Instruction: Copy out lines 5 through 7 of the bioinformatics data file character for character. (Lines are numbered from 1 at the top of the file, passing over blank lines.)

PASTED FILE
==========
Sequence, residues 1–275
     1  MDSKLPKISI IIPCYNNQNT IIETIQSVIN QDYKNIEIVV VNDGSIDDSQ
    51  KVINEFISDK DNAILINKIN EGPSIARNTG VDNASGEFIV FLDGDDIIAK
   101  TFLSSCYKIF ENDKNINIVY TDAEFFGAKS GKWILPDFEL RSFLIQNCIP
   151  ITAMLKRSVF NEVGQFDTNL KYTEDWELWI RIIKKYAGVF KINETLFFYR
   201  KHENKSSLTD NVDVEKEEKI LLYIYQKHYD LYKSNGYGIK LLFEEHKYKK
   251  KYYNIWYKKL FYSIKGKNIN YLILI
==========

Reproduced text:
   151  ITAMLKRSVF NEVGQFDTNL KYTEDWELWI RIIKKYAGVF KINETLFFYR
   201  KHENKSSLTD NVDVEKEEKI LLYIYQKHYD LYKSNGYGIK LLFEEHKYKK
   251  KYYNIWYKKL FYSIKGKNIN YLILI